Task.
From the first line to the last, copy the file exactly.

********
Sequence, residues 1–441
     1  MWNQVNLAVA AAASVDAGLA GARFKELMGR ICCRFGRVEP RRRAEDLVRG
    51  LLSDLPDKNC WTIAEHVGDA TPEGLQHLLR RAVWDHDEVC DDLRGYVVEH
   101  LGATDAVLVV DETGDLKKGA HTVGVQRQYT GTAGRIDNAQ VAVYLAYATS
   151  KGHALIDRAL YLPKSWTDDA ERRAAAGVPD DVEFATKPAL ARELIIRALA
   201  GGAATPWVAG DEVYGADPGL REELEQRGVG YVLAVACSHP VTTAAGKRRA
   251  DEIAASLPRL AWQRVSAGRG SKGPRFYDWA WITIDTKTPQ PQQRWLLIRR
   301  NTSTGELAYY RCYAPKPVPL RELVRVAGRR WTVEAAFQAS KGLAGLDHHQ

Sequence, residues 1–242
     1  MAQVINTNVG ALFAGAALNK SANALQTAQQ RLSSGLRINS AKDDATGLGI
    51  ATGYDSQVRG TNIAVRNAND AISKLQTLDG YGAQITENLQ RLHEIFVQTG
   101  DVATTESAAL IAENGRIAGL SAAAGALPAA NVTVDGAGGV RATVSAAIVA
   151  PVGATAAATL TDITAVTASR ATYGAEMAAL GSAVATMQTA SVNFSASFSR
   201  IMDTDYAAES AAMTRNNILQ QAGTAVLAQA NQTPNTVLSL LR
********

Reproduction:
Sequence, residues 1–441
     1  MWNQVNLAVA AAASVDAGLA GARFKELMGR ICCRFGRVEP RRRAEDLVRG
    51  LLSDLPDKNC WTIAEHVGDA TPEGLQHLLR RAVWDHDEVC DDLRGYVVEH
   101  LGATDAVLVV DETGDLKKGA HTVGVQRQYT GTAGRIDNAQ VAVYLAYATS
   151  KGHALIDRAL YLPKSWTDDA ERRAAAGVPD DVEFATKPAL ARELIIRALA
   201  GGAATPWVAG DEVYGADPGL REELEQRGVG YVLAVACSHP VTTAAGKRRA
   251  DEIAASLPRL AWQRVSAGRG SKGPRFYDWA WITIDTKTPQ PQQRWLLIRR
   301  NTSTGELAYY RCYAPKPVPL RELVRVAGRR WTVEAAFQAS KGLAGLDHHQ

Sequence, residues 1–242
     1  MAQVINTNVG ALFAGAALNK SANALQTAQQ RLSSGLRINS AKDDATGLGI
    51  ATGYDSQVRG TNIAVRNAND AISKLQTLDG YGAQITENLQ RLHEIFVQTG
   101  DVATTESAAL IAENGRIAGL SAAAGALPAA NVTVDGAGGV RATVSAAIVA
   151  PVGATAAATL TDITAVTASR ATYGAEMAAL GSAVATMQTA SVNFSASFSR
   201  IMDTDYAAES AAMTRNNILQ QAGTAVLAQA NQTPNTVLSL LR